So, when considering when to hire a financial advisor, think about why you seek help in other areas of life. When would you hire a doctor? A lawyer? Do you prepare and file your own taxes? Much of the information needed to handle these areas of your life can be found on the internet as well. Still sorting through the options and decision matrixes can be daunting. It is better to spend time furthering your career or with family and pay someone else to do it. Further, the work will likely get done quicker with higher quality than what your capacity allows.

Here are examples of questions that professionals in MedTech face with where a financial advisor can offer expert guidance:
  • Do you participate in any of your company’s equity compensation plans? 
  • Is your employer a private company with a plan to go public or be acquired in the future?
  • Are you earning above $200k/single or $385k/married, pushing into the 32%+ tax bracket, and facing additional tax planning complexity?
  • Do you own multiple real estate properties or plan to in the future? 
  • Are you within five years of retirement or planned independence? 
  • Are you considering leaving a long-time position at a publicly traded company to start your own company?

Text image for Q & A with a large green Q in the right corner. Then the question in black centered text: "How do the services you offer MedTech professionals distinguish Perspective 6 Group from other advisory firms?"

Answer:

Our firm provides a niche offering to the MedTech/MedDevice industry so we can focus on less to provide more. This focus allows us to understand career tracks and benefit plans better than generalist advisors. We know the complex environment executives and managers face and how it might affect their own planning.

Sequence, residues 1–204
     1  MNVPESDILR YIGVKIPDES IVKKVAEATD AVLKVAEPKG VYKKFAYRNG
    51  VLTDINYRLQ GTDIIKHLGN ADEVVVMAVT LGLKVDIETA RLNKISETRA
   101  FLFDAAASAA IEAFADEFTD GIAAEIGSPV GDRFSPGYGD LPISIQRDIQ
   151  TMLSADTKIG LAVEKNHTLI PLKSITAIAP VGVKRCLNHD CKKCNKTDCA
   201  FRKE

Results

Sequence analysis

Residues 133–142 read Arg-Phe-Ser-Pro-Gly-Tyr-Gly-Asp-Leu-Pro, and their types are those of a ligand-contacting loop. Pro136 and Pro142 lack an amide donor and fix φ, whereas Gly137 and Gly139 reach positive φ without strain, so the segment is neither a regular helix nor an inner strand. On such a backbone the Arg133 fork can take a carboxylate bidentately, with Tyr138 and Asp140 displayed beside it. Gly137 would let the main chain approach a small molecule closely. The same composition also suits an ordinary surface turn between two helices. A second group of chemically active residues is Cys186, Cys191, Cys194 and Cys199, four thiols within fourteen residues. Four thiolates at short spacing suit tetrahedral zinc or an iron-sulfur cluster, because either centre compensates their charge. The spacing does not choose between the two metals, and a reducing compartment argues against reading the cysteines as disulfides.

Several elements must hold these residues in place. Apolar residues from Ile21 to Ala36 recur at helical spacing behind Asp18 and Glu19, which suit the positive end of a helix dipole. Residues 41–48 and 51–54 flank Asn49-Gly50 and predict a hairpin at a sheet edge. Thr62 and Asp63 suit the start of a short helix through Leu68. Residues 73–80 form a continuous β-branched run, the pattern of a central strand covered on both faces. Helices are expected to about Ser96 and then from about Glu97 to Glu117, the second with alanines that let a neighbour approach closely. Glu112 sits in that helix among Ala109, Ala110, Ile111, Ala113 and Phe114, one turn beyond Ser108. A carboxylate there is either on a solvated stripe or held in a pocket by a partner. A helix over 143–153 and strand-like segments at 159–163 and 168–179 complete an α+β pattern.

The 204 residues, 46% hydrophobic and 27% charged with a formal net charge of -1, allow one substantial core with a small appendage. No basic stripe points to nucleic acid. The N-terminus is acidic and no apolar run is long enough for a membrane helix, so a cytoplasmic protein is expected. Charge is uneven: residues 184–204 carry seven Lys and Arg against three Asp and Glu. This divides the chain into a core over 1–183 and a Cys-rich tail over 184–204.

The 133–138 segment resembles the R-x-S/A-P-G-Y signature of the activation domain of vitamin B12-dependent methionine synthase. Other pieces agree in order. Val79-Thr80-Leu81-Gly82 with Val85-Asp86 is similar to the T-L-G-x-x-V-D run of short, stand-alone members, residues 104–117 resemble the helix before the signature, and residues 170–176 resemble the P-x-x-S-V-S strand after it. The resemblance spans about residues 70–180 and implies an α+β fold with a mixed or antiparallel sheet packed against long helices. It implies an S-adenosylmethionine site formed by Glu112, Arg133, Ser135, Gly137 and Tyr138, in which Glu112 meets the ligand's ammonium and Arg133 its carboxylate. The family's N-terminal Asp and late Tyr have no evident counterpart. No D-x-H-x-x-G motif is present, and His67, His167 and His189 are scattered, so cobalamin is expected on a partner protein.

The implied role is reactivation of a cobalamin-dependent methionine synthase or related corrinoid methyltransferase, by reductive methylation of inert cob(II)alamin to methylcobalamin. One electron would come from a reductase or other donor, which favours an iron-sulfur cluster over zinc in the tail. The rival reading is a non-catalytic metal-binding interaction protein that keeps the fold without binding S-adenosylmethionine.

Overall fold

We understand the unique career challenges of MedDevice sales with its high variable compensation and job mobility. These positions can be dependent on startup company funding and at risk of job losses outside their control. Making it difficult to balance a long-term saving plan with the need for short-term emergency cash. Further, even with established companies, reps often do not trust how long personal success will last. Resulting in a hesitancy to tie up capital and subsequently too much cash and not enough long-term risk-taking. Our team works with reps to meet immediate needs as well as future, so they can retire well.

We know the complex benefit plans of the industry’s large, publicly traded companies. We provide guidance on how to maximize those benefits to plan for the future you envision. As well as considerations when moving jobs to startups or private companies.

Company founders and start-up entrepreneurs in this industry often face outsized risk. Many starting later in life with more to lose. The mission-driven nature of this work means founders can be vulnerable. Putting too much time, energy, and financial resources into their company than might be prudent. Our team acknowledges those circumstances and ensures they are well-advised. We prepare and advocate for founders from launch and beyond to protect the wealth they accumulate. 

Finally, for retirement planning in MedTech we know the potential pain points. Our team can account for a career with significant equity compensation and the concentrated stock risks faced because of it. 

See What We Can Do For You

The first step is a quick conversation to see if we can help.

Our calls are always relaxed and pressure-free.


Text image for Q & A with a large green Q in the right corner. Then the question in black centered text: "When you first speak with a MedTech professional, what questions do you like to ask to better understand their unique circumstances and determine how you can best help them achieve their goals?"

Answer:

When meeting for the first time, we look to understand what is motivating someone to seek help from an advisor. Are we dealing with a referring symptom or the primary pain point? For instance, is there a tax concern driven by recently receiving stock compensation for the first time in a job? Or is there the larger question of how to plan for retirement and whether those goals are on target? Of the many questions we might ask, some of the key ones are: